Cover To Cover is the anchor program for GPB’s literary coverage. Cover To Cover features a collection of distinctive Southern voices interviewing Georgia writers, Southern writers, and writers dealing with the South. The GPB Southern Lit Cadre will provide you with a varied, weekly glimpse at fiction, non-fiction, history, poetry, and even the occasional ‘old school’ nod to Flannery O’Connor or William Faulkner.

Tuesday, November 6, 2007

I Never Knew There Was So Much In It!

They say that good things come in little parcels. That certainly is true for a book that came in the mail back in September. I’ve been waiting for an opportunity to write a blog entry about it since it arrived, and now I guess is the time.

Museums of Atlanta: A Guide for Residents and Visitors (Westholme Publishing, 2006) details a surprising 68 museums located in Metro Atlanta. Written by Scott W. Hawley and Kevin L. Crowe, this pocket-sized book lists complete contact information, hours of operation and admission charges, and even has a listing of museums by type.

Listed in the Appendix are the Ten Museums for Children, for Teenagers, for Art and Architecture, for the Civil War, and for Science and Technology, to name just a few.

The Top Ten “Essential” Museums listed will come as no surprise: The High, Atlanta Cyclorama, Fernbank Museum of Natural History, the Margaret Mitchell House etc. Some of the lesser known places, however, are in some ways more fascinating than the “big boys.”

For example, the Spelman College Museum of Fine Art is the only institution in the U.S. to specialize in works “by and about women of the African diaspora.” The museum traces its origins back to 1899.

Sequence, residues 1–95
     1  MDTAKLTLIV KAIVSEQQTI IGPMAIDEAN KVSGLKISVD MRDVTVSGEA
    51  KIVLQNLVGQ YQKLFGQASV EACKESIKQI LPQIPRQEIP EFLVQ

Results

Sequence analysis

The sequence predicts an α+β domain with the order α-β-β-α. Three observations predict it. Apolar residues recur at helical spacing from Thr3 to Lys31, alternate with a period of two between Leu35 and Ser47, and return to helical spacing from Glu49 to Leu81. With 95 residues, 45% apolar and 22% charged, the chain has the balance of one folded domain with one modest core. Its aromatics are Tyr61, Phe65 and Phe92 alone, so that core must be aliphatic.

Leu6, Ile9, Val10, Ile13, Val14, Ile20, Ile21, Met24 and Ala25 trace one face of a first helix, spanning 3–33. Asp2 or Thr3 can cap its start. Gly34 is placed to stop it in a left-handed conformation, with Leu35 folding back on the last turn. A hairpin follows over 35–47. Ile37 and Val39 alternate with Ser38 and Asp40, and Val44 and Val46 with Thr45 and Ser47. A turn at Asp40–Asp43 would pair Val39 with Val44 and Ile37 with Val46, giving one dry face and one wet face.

Georgia Tech is home to a very unusual museum that sounds absolutely fascinating. The Robert C. Williams American Museum of Papermaking is located in Tech’s Institute of Paper Science and Technology.

Invented in AD 105 by a Chinese government official, paper is one of the most basic elements in our daily lives. The museum documents the origins and global spread of paper from China to Korea, Japan and on to Europe, and also focuses on the history of the first paper mill in Georgia built at Scull Shoals on the Oconee River by Zachariah Sims in 1811.

The Museum of Design Atlanta (MODA) in Downtown is “one of only a handful of museums in the United States dedicated exclusively to design.” An affiliate of the Smithsonian Institution, MODA’s mission is to “explore the impact of design on our daily lives.”

Emory University’s Michael C. Carlos Museum was founded in 1920. Filled with works of art from Egypt, Greece, Rome, the Near East and Pre-Columbian America, the museum houses the largest collection of ancient art in the Southeast. The Carlos also holds collections of sub-Saharan African art and European and American woodcuttings and sketches.

For Civil War enthusiasts there’s the Kennesaw Mountain National Battlefield, the Southern Museum of the Civil War & Locomotive History and the Marietta Museum of History.
If you prefer your Civil War fictionalized there are three museums devoted to Margaret Mitchell’s Gone With the Wind: the Margaret Mitchell House and Museum in Midtown, the Marietta Gone With the Wind Museum: Scarlett on the Square, and the Road to Tara Museum in Jonesboro.

Authors Scott Hawley and Kevin Crow have produced an invaluable resource for residents and travelers alike, and this little book (140 pp) should do wonders for Atlanta’s cultural tourism.

When I was growing up in Britain, one of the magazines that could regularly be found in our house was the TV Times, the British equivalent of TV Guide if you like. I remember one of the magazine’s ad campaigns on TV that included the slogan “I never knew there was so much in it!”

The same can be said both for Hawley and Crow’s Museums of Atlanta, and indeed for Atlanta itself.

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